Coast Guard Issues Warning on Rip Currents
July 3, 2014
The Coast Guard is reminding beachgoers to be aware and be ready for the threat of rip currents. Knowing what rip currents are and where they form is the first step to staying safe in the water.
Rip currents are strong, narrow currents moving away from shore near low spots or breaks in sandbars and also near structures such as groins, jetties and piers. They are dangerous during high surf conditions as the wave height and wave period increase. Rip currents can drag swimmers up to hundreds of yards away from the beach and cause them to drown from exhaustion. According to the United States Lifesaving Association, rip currents account for 80 percent of all water rescues on surf beaches and cause approximately 100 deaths annually in the U.S.
Here are some tips on how to avoid and survive rip currents:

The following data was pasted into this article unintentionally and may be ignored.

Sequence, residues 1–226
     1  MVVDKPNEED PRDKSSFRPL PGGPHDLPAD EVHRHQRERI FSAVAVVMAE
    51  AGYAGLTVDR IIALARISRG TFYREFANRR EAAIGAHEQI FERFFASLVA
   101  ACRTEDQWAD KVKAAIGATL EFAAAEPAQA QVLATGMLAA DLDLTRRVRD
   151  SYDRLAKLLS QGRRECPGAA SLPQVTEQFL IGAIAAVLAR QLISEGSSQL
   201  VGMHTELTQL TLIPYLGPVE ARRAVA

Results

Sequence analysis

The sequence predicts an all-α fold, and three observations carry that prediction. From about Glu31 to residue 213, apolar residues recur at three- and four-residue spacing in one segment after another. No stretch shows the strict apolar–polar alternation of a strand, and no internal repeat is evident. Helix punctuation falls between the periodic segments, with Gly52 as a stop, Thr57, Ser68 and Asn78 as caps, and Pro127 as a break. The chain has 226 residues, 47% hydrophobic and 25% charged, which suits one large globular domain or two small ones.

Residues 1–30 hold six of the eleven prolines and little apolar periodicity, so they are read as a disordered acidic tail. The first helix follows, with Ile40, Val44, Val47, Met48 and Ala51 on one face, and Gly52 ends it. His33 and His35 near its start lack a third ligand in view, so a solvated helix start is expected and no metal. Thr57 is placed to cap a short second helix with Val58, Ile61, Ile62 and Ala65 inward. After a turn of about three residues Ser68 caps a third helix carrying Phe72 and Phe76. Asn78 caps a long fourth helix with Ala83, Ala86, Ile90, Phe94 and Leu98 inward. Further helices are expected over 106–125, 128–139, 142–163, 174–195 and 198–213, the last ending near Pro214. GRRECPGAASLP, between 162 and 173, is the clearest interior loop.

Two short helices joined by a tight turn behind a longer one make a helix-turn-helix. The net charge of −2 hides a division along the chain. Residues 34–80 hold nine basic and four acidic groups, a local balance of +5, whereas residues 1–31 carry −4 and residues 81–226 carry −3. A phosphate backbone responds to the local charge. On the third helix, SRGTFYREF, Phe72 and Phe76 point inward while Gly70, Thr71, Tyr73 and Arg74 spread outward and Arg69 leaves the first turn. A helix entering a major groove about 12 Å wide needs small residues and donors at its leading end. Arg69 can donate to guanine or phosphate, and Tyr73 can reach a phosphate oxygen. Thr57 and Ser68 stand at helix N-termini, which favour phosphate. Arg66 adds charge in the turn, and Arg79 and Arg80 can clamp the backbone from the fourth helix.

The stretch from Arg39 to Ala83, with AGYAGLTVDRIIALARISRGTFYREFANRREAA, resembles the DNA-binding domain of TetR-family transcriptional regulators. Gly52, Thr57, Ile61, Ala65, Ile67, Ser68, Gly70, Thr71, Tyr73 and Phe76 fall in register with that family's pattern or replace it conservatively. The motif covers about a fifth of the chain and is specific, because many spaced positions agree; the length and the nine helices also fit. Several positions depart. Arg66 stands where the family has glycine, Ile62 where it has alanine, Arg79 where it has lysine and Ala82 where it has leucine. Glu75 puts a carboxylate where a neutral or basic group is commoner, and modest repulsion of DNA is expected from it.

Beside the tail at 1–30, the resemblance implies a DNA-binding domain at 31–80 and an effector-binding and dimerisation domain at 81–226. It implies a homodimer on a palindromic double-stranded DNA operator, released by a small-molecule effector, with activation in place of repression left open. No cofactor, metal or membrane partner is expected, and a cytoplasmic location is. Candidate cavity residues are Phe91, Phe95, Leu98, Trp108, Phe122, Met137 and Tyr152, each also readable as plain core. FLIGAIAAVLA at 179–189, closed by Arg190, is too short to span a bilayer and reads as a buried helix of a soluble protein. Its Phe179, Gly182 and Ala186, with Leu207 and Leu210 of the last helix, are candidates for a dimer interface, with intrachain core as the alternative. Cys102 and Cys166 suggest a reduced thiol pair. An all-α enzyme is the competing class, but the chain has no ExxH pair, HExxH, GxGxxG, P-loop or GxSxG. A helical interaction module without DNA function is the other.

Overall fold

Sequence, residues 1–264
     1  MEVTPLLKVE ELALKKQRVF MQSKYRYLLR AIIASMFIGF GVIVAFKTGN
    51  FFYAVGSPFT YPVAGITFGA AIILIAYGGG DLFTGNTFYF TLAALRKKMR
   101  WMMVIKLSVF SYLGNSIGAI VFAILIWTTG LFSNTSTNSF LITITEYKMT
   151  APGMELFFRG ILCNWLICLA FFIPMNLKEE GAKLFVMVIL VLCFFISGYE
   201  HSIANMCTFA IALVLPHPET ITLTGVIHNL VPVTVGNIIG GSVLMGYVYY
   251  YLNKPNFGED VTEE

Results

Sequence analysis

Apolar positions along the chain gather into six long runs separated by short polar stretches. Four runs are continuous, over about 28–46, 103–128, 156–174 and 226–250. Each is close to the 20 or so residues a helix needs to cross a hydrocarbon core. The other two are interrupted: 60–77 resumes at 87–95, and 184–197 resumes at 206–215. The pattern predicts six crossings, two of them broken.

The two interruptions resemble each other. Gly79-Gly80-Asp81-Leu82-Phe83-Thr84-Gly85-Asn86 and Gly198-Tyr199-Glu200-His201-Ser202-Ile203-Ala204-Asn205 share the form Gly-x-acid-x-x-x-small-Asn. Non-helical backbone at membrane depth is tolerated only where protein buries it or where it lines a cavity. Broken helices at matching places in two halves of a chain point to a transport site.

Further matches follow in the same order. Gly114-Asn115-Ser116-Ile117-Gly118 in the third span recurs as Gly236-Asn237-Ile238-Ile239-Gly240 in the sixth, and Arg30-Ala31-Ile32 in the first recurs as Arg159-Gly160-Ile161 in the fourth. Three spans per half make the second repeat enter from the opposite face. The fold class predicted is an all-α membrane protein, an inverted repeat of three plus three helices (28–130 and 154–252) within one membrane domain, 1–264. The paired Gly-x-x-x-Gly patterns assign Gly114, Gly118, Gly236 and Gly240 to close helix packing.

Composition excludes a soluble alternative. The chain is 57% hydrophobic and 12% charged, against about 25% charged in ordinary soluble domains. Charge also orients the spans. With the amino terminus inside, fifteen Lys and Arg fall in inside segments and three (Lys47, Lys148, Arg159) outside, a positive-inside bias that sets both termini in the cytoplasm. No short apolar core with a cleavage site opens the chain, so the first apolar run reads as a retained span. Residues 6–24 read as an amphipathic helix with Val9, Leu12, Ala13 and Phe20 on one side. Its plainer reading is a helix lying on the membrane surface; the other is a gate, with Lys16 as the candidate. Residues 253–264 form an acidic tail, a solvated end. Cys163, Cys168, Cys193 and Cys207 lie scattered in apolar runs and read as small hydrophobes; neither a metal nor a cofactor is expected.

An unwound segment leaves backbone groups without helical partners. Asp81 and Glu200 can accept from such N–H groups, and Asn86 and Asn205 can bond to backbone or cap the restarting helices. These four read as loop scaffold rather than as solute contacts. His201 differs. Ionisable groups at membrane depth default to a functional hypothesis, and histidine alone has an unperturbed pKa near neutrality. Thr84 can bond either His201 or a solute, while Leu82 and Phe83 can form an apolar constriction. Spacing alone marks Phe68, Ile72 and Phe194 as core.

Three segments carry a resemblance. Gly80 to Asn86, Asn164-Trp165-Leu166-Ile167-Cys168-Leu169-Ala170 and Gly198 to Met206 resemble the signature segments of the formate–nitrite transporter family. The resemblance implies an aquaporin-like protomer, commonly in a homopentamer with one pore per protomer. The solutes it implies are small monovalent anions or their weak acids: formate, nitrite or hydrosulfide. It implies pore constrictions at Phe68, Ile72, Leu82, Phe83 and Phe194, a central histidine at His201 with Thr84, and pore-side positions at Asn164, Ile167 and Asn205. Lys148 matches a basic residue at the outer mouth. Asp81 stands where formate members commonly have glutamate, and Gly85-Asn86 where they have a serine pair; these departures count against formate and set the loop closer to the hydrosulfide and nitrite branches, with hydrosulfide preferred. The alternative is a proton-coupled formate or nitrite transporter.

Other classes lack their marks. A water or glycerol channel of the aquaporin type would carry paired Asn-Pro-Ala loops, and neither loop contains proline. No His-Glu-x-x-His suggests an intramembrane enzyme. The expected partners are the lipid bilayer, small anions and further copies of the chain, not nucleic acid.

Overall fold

- Never swim alone.
- Don’t fight the current. Swim out of the current in a direction following the shoreline. When out of the current, swim toward shore.
- If you are unable to swim out of the rip current, float or calmly tread water. When out of the current, swim towards shore.
- If you are still unable to reach shore, draw attention to yourself: face the shore, wave your arms, and yell for help.
- If you see someone in trouble, get help from a lifeguard. If a lifeguard is not available, call 911. Throw the rip current victim something that floats and yell instructions on how to escape. Remember, many people drown while trying to save someone else from a rip current.
- Be cautious at all times, especially when swimming at unguarded beaches. If in doubt, don’t go out.
- Whenever possible, swim at a lifeguard-protected beach.
- Obey all instructions and orders from lifeguards.
For more information on rip currents, visit www.ripcurrents.noaa.gov